A majority (69%) of BEEF magazine readers responding to an October electronic survey believe a national system of individual animal ID and traceback is needed in the U.S. for health monitoring purposes. And, more than 55% believe such a national system should be mandatory.

That may sound like a resounding vote of confidence for USDA's National Animal Identification System (NAIS), with which almost 90% of respondents to a BEEF magazine reader survey indicate they are “familiar” or “somewhat familiar.” But, wait a minute.

Just 25.7% of the 836 survey respondents indicated they favor NAIS as proposed. Another 29.3% said they aren't in favor, while a healthy 41.4% claim they've yet to form an opinion.

When BEEF conducted a similar electronic survey of readers last June, 76% of respondents said a national system of individual animal ID and traceback was needed in the U.S. for health monitoring purposes. And 63% indicated such a system should be mandatory.

The October survey was e-mailed to 16,223 readers of BEEF magazine and data was collected Oct. 25-31. The e-mail survey generated 836 completed surveys, an effective response rate of 5.15%

“The survey results provide an interesting snapshot of BEEF readers with e-mail access,” says Scott Grau, research manager, citing a survey margin of error of plus or minus 4-4½%. “While the results provide an interesting glimpse at what this particular segment is thinking, the survey sample consists of larger-scale producers who are generally more technically advanced than the beef industry as a whole.”

In the October survey, 38.3% of respondents indicated they'd registered their livestock premises with their state or tribal animal-health authority, while 58.9% said they had not. Of those with unregistered premises, 37.4% planned to wait until premises registration becomes mandatory Jan. 1, 2008.

Another 23% indicated their inaction is due to unfamiliarity with the program, while 18.7% said they've been too busy. As of Nov. 7, USDA reported a total of 147,205 premises had been registered.

Of BEEF survey respondents with unregistered premises, 27% planned to register their premises in the next six months, while 27.8% did not; 41.5% said they didn't know.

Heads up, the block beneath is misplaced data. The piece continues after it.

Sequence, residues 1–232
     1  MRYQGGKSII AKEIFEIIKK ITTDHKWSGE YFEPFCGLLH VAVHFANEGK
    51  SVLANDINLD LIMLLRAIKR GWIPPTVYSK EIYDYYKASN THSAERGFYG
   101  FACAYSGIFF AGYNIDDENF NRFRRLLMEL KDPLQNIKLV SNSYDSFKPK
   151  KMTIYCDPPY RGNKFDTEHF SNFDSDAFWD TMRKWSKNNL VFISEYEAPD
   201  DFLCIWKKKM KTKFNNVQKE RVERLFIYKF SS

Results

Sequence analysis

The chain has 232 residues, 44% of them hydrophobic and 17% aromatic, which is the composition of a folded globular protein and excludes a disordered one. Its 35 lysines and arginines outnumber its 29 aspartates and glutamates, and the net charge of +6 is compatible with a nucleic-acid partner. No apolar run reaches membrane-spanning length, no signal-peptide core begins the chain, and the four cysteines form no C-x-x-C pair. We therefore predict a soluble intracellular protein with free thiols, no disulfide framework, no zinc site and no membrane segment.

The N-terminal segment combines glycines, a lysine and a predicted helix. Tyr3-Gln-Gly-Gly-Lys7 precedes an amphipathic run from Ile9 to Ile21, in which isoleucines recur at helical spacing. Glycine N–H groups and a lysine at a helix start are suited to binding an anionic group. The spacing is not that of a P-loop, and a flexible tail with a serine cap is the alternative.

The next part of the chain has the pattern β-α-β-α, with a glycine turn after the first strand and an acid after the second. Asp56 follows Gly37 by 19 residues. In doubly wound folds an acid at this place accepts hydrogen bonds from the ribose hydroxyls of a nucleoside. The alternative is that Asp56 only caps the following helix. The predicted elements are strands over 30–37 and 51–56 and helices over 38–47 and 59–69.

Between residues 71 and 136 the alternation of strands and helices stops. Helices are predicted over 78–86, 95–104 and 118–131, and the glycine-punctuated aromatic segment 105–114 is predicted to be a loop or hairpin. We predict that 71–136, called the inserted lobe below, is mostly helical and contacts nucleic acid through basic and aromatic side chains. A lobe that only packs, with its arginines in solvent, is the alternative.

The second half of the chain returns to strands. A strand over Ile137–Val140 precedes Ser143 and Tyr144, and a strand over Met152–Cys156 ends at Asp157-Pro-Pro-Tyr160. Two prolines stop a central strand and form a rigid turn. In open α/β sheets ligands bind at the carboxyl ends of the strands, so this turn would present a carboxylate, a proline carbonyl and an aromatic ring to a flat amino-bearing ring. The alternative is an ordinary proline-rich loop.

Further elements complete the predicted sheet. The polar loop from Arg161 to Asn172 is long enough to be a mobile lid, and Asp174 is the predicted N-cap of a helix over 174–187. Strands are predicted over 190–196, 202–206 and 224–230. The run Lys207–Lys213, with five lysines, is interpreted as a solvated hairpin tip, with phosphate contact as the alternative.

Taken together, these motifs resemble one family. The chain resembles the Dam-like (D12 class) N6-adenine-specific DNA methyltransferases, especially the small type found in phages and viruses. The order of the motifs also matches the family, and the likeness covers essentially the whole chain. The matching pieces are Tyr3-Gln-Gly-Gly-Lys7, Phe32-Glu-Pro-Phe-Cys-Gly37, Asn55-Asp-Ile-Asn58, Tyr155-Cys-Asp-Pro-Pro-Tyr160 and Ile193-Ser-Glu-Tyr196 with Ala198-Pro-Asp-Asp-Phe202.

A whopping 73.7% of producers reported they individually ID their cattle “with a system other than hot-iron brand or some other group method.” That compares to the June BEEF study where 83.4% said they individually identify their cattle, but the question did not include the qualifier “with a system other than hot-iron brand or some other group method.”

In the October survey, only 14% of those who said they individually ID their cattle reported using electronic ID (EID) tags. A total of 84.4% said they did not use EID.

Moving too fast?

USDA's Draft Strategic Plan calls for all livestock premises to be registered by Jan. 1, 2008, and all cattle entering commerce to be identified individually with official NAIS tags by the same date. The plan also stipulates that all animal movements must be reported beginning Jan. 1, 2009.

When asked about the aggressiveness of this NAIS implementation timetable, 57.5% responded that it was “reasonable.” Another 20.1% thought it was “too fast,” while 13.4% found it “too slow.” A total of 9% had no answer.

In regard to respondents' single biggest concern with NAIS, 48.3% cited the cost of the program and labor requirements for producers, while 21.2% named the confidentiality of data. Another 13.3% cited the potential for liability for producers, and 10% said they had no concerns.

Since issuing its NAIS Draft Strategic Plan in May, USDA reversed course Aug. 30 to allow private industry to build and maintain the animal movement database rather than USDA. A total of 46.1% of respondents support this decision, while 24.3% do not, and another 20.7% didn't know.

That's emblematic of the industry split over this facet of NAIS. For instance, on Nov. 9, animal health officials and industry representatives passed a resolution during their annual meeting urging USDA to return to its original plan for a public database as part of NAIS.

The U.S. Animal Health Association (USAHA), comprised of national livestock groups and state and federal animal health officials, passed a resolution challenging USDA's Aug. 30 policy reversal. Specifically, the USAHA resolution “urges” USDA and its Animal and Plant Health Inspection Service “to implement the animal tracking database for disease surveillance and monitoring as initially outlined in the NAIS plan.”

Spurring passage of the resolution was word that USDA, in fact, has a tracking system already in place but no current plans to use it, reported Meghan Soderstrom, Angus Productions Inc.